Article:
I snapped up the chance to technical direct Salad Days because I loved the show the first time I did it, and because there was huge scope to have fun with this at the ADC. With two weeks of building time before the Mayweek slot and with my finals over, I had lots of time to spend on the set.
Exciting set items included the canvas flying saucer, the gorgeous university flat complete with all its vacuum formed bits, two 'Minnie' pianos, pyramids, full-height painted side-masking and a backcloth. None of this would have been possible without the help of the lighting crew (Ursula and Jo), who's real motive in helping was to paint everything pink!
The get-in was quite a challenge. The plan was to arrive at midnight, work through till 8am, have a fried breakfast for incoming and outgoing crews, do the lighting by midday and leave for all the usual Suicide Sunday garden parties. While the outgoing crew managed the champage fried breakfast at 8am, the LX crew were stuck at the ADC till mid afternoon, but still made the important garden parties. Then we plotted, teched and dressed the show on Monday in time for people to leave for May Balls by 7pm!
Unusual crewing jobs? This show featured 'Cloud Crew' - whose sole job was to hide behind and move the clouds in the flying saucer scene. This visual gag was discovered by accident the first time I did this show, and just had to be repeated.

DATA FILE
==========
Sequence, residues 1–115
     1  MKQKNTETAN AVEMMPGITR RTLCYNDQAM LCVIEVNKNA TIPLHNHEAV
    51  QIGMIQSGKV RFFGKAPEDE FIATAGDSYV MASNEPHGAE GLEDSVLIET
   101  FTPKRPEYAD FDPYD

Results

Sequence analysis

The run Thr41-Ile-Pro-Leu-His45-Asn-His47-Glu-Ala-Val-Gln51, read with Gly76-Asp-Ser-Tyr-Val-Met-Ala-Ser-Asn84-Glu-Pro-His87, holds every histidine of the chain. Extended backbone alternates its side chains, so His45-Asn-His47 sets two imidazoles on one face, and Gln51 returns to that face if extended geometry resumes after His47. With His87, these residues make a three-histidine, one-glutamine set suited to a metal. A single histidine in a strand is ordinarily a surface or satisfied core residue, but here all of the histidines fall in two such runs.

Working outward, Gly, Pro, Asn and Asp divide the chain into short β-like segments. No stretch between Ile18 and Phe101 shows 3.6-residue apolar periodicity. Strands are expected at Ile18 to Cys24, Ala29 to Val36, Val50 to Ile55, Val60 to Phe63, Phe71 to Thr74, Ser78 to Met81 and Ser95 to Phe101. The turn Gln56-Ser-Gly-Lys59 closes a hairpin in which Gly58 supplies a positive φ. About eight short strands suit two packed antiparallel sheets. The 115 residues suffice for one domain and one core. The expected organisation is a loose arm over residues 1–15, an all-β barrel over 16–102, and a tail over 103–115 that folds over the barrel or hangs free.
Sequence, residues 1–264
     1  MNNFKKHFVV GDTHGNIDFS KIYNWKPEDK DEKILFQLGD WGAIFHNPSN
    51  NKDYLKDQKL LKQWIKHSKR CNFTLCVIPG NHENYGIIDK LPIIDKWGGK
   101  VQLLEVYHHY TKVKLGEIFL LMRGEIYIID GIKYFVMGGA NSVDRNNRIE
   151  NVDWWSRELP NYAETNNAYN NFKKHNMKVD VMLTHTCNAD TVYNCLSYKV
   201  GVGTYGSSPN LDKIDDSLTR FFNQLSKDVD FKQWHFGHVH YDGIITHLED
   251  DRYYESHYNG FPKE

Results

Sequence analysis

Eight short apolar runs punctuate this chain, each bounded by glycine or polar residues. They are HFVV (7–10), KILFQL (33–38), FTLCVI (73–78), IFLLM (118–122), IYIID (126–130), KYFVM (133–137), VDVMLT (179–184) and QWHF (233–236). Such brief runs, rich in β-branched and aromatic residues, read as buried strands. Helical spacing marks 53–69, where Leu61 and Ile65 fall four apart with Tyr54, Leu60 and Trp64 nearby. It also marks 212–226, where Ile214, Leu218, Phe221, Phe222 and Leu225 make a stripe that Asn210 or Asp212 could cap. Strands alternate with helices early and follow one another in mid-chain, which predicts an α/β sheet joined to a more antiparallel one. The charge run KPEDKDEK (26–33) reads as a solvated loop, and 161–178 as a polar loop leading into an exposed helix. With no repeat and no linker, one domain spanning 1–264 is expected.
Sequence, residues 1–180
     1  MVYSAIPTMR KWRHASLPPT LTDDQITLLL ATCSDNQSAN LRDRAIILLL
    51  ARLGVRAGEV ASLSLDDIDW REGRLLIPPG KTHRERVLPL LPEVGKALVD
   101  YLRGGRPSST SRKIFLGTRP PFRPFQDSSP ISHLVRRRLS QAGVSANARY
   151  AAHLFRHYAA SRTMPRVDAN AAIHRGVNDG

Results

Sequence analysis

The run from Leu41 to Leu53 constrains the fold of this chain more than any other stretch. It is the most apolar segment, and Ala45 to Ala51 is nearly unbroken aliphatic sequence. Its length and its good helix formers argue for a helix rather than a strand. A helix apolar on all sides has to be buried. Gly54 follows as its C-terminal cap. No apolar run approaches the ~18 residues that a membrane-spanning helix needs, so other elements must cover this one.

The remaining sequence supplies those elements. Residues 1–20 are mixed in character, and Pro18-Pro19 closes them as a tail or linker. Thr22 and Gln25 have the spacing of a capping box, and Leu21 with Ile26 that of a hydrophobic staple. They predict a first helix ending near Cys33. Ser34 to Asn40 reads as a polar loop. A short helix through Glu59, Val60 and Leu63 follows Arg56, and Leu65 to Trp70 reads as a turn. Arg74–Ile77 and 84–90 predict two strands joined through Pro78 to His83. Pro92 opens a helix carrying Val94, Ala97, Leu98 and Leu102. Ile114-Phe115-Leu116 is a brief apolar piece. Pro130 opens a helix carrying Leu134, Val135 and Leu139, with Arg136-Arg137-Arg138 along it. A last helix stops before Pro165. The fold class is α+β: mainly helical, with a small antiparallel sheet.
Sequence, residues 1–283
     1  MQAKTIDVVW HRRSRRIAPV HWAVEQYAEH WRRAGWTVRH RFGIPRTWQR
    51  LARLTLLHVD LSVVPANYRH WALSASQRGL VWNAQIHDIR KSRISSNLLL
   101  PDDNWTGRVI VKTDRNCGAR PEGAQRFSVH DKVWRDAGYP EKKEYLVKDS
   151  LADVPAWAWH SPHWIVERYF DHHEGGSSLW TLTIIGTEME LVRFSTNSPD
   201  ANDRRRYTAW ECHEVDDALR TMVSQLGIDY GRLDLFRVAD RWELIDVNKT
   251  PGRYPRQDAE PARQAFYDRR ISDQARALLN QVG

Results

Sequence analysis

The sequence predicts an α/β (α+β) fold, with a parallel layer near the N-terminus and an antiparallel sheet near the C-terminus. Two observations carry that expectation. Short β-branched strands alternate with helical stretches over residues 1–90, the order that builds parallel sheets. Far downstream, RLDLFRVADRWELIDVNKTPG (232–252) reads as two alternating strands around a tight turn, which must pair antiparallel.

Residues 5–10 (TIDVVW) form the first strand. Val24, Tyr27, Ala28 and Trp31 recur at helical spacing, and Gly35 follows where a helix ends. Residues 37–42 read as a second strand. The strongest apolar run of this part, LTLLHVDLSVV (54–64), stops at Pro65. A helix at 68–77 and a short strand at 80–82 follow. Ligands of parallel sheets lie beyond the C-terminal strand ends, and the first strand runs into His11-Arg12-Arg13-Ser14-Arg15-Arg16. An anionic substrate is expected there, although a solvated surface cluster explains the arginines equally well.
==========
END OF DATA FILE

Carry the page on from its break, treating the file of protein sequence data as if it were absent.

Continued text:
As soon as I've scanned them
As soon as I've scanned them
Standard(ish) flattage, only triangular and with exquisite painting by Jo & Ursh. They were adorned with heiroglyphics which translated as
Eddy and Jo built a beautiful pyramid. Ursh wasn't quite sure of the translation of built though...
In Salad Days, Uncle Zed's flying saucer is a larger-than-life version of the type of saucer that normally accompanies a tea cup, and is not of the space-invader type. To construct your very own saucer, start by cutting out a circle of 3/4 inch ply for the centre section. Then you'll need to make the ribs; these are the frame that the canvas will eventually be streched over. The ribs attach to the centre section at one end, at to each other at the top by the saucer 'rim' (more cut-out curvy wood). I found the easiest way to attach the ribs to the centre was by screwing them to 2"x2" which was in turn screwed into the centre section.
Don't forget you'll need a spare rib!
Once the rib frame is complete, staple the canvas to it. This is best done using one piece of canvas to cover the whole top and half the underside of the saucer. Starting from the back, work along each rib, stretching the canvas as you go. Then you'll need a second centre section to sit on top of the 2"x2", ribs and random canvas that's in the middle of the saucer (Applying flat canvas to an awkward-shaped curvy thing is quite awkward, but not as awkward as the maths we did to work out how much canvas we needed!). The photo shows the saucer taking shape, and the 2"x2", ribs, and both centre-sections are visible. NB, the back of the saucer is never seen.
Then you'll need to size the canvas (flameproof primer works quite well), and then you need someone who can paint to paint it for you. This was the one of only a select few items in the show that Jo didn't paint pink!©Eddy Langley - This page last updated 7 November 2003